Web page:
This could be the moment we’ve been waiting for, when we can really move forward with personalized learning.
So observed one of the participants in Education Commission of the States’ Winter Commissioners Meeting, at which I had the pleasure of sharing The Future of Learning: Education in the Era of Partners in Code with my colleague Matt Williams. KnowledgeWorks’ new forecast highlights the need to help all learners thrive amid intensifying complexity and rapid change.
Much of the conversation focused on the potential for increasing customization, both within and beyond the public K-12 system. What educational structures might come to the fore? Will they be public, private, or charter? How might people navigate both macro-level choices, such as where their children attend school or other learning experiences, and micro-level choices, such as how an individual child orients a learning journey around his or her interests?
We need to explore such structural questions and will likely have new ways of answering them in ten years’ time. Those possibilities include more fluid school structures and more varied learning ecosystems. In considering them, participants emphasized the need to find new ways of counting students’ work effectively, no matter where it takes place. They also raised the possibility of using our current school infrastructure to create customized microcosms of learning, since many parents will still need somewhere safe for their kids to go while they work.
The conversation also focused on the need to redefine readiness as new machine partnerships and employment structures rapidly change where, how, and how much people work. In light of such change, enabling new learning structures won’t be enough. We must also reexamine the purpose and outcomes of learning. We must ask big questions about where the world is heading while also challenging our assumptions about how we organize education and support learning.
As one participant said, “We do school well. We do education less well.” With a myriad of possibilities on the horizon, how might we enable personalized learning for all students, in many shapes and forms? How might we put students instead of institutions at the center?
“There are—there are those who contend that it does not benefit African Americans to get them into the University of Texas where they do not do well, as opposed to having them go to a less advanced school, a … slower track school where they do well,” he said. “I’m just not impressed by the fact that the University of Texas may have fewer. Maybe it ought to have fewer.”
That quote is from Justice Antonin Scalia in response to Fisher v. University of Texas earlier this month.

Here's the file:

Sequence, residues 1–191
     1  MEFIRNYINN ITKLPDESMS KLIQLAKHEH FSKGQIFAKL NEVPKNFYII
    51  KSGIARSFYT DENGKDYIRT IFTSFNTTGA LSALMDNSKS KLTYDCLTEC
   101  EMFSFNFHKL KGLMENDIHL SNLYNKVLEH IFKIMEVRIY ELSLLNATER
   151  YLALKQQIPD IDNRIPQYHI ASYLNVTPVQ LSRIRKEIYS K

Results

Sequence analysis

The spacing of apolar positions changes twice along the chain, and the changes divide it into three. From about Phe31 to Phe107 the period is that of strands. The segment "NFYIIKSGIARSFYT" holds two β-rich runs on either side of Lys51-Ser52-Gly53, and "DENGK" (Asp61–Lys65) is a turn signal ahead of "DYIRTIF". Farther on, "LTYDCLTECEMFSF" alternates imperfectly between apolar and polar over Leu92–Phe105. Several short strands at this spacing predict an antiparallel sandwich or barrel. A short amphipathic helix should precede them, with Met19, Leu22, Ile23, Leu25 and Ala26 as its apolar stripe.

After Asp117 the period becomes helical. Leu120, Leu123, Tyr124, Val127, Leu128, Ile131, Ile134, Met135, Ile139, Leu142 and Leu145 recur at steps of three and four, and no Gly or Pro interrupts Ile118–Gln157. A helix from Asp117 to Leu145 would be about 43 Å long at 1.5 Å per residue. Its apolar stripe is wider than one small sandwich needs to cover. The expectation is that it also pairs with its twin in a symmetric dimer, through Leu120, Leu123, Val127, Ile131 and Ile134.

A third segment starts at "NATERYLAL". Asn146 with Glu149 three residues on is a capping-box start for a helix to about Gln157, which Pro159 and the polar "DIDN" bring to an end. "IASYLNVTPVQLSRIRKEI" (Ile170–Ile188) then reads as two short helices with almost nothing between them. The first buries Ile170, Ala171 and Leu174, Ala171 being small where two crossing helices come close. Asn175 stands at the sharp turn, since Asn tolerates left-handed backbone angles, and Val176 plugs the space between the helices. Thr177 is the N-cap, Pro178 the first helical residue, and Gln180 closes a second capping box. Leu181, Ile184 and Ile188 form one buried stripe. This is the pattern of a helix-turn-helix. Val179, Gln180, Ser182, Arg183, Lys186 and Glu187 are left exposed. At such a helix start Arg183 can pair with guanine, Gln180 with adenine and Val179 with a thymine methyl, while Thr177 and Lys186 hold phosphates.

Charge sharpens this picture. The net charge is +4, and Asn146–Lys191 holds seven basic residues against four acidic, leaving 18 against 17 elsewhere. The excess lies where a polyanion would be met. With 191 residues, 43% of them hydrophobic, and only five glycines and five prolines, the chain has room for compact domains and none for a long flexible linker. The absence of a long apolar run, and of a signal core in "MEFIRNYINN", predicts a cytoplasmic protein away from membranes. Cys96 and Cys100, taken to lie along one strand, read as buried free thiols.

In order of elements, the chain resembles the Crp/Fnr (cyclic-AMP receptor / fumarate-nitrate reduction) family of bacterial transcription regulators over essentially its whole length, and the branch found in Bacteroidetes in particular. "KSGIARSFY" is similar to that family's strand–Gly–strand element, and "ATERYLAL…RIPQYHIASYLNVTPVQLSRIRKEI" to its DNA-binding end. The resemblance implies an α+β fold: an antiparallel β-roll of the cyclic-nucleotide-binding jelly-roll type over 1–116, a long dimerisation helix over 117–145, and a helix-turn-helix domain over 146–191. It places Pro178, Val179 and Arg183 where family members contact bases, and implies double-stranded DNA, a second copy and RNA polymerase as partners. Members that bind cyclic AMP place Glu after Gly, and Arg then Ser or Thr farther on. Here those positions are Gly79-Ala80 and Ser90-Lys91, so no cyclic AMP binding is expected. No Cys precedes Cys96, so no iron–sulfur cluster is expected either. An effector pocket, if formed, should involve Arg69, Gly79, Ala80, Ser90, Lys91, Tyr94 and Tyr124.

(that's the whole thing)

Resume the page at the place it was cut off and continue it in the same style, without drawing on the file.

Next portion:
I didn’t write down my reactions immediately to that statement because I wanted to give myself time. Time to gut check. Time to cool off. Time to see if my initial reaction was the same one I had a few days later. It is.
I don’t take issue with the fact that Justice Scalia and I don’t agree with each other. I don’t agree with lots of people, but differing opinions and healthy debate are a cornerstone of our country. What I take issue with is this:
When you say it’s okay for an entire demographic to go to less competitive schools, and argue that those less competitive schools may be better matched to their ability, you are making an case for the institutionalization of mediocrity.
I don’t accept that. I think the challenge is to make sure that we, as a country, don’t accept that either. EDWorks Early College High Schools have shown time and time again that by creating a culture of high expectations with supports in place to help students, all students can succeed.
Harold Brown, Senior Officer for the Advancement of Underserved Learners for KnowledgeWorks and former President of EDWorks, says, “The expectation that every student in the school will be successful in college – emphasis on every – makes students and the adults in their lives move mountains. I have come to believe that the so called ‘soft bigotry of low expectations. is the most fundamental of our challenges in education. All that we plan, do and implement is based on what we expect of our young people.”
This. Because while not every student may choose to go to college, I want that to be an option for every student. While not every student may have the opportunities to go to the most prestigious schools in our country, I don’t want that to be because I took away that option. Not every student maybe be able to handle the rigors of higher education, but I don’t want that to be because we didn’t to our part in making sure they were ready for college.
The Fisher v. University of Texas case will continue on for several more months. In the meantime, can we all work towards creating a culture of high expectations that helps fight the institutionalized of mediocrity?